more-arw search

Former Sun Microsystems CFO on Employee Development

Former Sun Microsystems CFO on Employee Development

Heading into the new year, many businesses are becoming even more focused on maintaining limited budgets, particularly with the economy still recovering at a relatively slow rate.

While budget restrictions undoubtedly mean capping investments and ensuring operational efficiencies, employee development strategies can also be critical.

In a recent CFO Magazine column, the former chief financial officer of Sun Microsystems, Michael Lehman, noted that employee development was always one of the areas in which he placed a strong emphasis.

The publication notes that the company's resources and rotational programs enabled a number of Lehman's former employees to be elevated to CFO and corporate controller roles at large companies after leaving Sun Microsystems.

In his current role as CFO of venture-backed Palo Alto Networks, however, Lehman has been forced to adapt to fewer resources and tighter budgets.

"When I got there, two years ago, there was no concept of employee development; development was for products,” Lehman said during a presentation at the publication's Playbook for Private Companies conference, which was held in Miami recently.

As a result, the finance chief has adapted to his situation and offered a number of easy, cost-effective ways to spur employee development in the workplace.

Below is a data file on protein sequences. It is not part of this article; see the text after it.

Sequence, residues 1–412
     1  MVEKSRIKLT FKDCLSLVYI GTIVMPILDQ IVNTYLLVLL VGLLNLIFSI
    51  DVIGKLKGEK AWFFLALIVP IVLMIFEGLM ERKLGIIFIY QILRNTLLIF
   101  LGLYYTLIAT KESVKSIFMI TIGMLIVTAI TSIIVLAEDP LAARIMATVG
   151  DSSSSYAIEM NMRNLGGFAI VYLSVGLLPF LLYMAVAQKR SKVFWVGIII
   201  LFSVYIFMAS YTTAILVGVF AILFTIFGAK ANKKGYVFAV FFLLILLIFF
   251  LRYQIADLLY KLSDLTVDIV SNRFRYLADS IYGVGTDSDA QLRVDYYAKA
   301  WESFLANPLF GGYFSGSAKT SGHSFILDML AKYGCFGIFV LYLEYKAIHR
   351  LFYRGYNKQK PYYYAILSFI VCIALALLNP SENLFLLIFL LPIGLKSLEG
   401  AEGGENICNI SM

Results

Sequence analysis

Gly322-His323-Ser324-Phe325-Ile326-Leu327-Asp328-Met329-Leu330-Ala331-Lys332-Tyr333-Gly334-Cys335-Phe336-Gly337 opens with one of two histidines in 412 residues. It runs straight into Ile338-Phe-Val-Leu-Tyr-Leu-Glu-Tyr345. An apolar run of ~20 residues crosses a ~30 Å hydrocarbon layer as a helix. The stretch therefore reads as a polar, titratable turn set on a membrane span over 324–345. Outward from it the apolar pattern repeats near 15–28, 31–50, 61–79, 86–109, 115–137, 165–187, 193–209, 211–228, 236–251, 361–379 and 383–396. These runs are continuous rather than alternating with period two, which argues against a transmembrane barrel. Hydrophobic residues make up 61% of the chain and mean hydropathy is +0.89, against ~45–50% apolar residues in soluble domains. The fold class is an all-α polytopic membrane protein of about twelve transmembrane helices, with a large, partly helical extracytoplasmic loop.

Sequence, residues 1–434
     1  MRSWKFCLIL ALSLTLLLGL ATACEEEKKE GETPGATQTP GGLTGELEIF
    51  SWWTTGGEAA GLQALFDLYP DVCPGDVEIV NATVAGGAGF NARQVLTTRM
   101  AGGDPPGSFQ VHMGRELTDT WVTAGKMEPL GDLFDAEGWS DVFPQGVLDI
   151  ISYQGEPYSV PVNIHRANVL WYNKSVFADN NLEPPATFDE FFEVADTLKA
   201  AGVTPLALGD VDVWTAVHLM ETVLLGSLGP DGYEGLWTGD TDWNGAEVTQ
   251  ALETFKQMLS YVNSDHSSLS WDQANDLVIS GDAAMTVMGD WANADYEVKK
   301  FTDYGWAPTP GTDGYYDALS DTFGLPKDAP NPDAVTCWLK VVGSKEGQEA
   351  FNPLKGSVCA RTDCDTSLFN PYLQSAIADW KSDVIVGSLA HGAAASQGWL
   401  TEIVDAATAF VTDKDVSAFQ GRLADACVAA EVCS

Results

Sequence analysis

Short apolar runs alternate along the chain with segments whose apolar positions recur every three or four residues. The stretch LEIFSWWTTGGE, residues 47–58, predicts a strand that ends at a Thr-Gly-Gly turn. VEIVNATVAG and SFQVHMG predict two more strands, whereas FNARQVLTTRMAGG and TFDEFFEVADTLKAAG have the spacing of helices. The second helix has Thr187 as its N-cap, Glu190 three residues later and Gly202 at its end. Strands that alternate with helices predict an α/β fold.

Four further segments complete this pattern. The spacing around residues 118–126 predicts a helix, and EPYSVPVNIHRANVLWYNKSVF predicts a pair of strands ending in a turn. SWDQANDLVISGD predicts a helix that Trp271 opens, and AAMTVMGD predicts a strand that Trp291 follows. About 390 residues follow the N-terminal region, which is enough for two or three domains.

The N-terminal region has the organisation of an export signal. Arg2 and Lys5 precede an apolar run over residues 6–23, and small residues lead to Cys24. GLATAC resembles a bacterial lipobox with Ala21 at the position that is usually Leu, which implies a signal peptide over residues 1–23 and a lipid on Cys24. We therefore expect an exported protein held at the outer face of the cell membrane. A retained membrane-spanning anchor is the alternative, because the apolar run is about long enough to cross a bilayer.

One of the most important things Lehman points to is a framework to provide feedback to employees, beginning with self-evaluations and evolving to quarterly reviews and goal setting. The finance chief also noted the importance of keeping workers abreast of potential organizational changes within the company that may be on the horizon.

An easy way to develop an employee's communication skills can be forcing them to stand up during staff meetings and offer a quick overview on the project he or she is currently working on, according to Lehman.

One final employee development tool designed specifically for finance professionals was for CFOs or other members of the C-suite to allow finance staffers to accompany them on customer visits. This, Lehman notes, can get the staffer comfortable with these situations and prepare them for potentially larger roles in the future.

These tactics are increasingly important with a number of recent CFO surveys indicating companies are still hesitant to hire employees based on budget restrictions and a lack of qualified candidates. If each new hire is developed properly, the consequences of hiring mistakes can be much more easily avoided.

Products and Companies: